Sunday, September 21, 2008
A few days back, I met an avid traveler who had just been to Ziro and enthusiastically telling me how beautiful the place is. He had all praise for the agricultural system of the Apatanis. I was happy to meet one more person who appreciates the tribe and its customs. Then he started speaking about the ‘Keley’ river and remarked that the water there should be used for irrigation purpose!
“It is the water of that river which irrigates 90% of the rice paddy you saw,” I told him.
“How can that be?” he was incredulous. “That river bed is lower than the paddy fields.”
I then understood that he just had a glance at the paddy fields and the river, but not really looked at the irrigation system of the Apatanis. It also made me realize how really expert the Apatanis are in maximally utilizing the water resource in the area. The traditional irrigation channels (siigangs) are diverted from the main river at the traditional irrigation projects called bogos made of bamboo and wood.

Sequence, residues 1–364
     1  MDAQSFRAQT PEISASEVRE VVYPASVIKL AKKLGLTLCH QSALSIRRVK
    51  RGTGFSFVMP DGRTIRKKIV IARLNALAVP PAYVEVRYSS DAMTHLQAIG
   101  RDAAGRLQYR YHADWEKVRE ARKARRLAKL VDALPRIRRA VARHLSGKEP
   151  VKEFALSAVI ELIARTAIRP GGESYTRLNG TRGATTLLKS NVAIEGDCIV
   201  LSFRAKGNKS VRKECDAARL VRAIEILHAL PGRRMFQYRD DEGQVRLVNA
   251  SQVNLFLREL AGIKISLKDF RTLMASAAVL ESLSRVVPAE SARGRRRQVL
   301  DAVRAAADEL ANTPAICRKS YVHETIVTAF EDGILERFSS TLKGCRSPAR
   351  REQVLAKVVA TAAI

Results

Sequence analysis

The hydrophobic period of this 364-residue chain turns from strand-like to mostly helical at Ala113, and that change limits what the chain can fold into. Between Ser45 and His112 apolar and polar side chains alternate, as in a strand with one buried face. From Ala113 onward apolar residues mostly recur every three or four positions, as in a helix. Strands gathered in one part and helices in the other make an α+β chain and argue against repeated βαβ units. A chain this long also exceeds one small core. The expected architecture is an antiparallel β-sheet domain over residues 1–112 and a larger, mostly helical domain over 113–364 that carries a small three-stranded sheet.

Moreover, the perfect gradient of the irrigation channels – the siigangs – are something to be given a thought. Neither does the water in any of the siigangs flow too fast to cause damage, nor does it flow too slow to remain stagnant anywhere in its course.
Apart from irrigation, there are other areas of water management that is often not noticed. One is the traditional way of erosion protection using bamboo and wood. This was a laborious affair, as it had to be repaired every year, but it was quite effective. That is the reason the course of the ‘Keley’ river had not changed over all these years.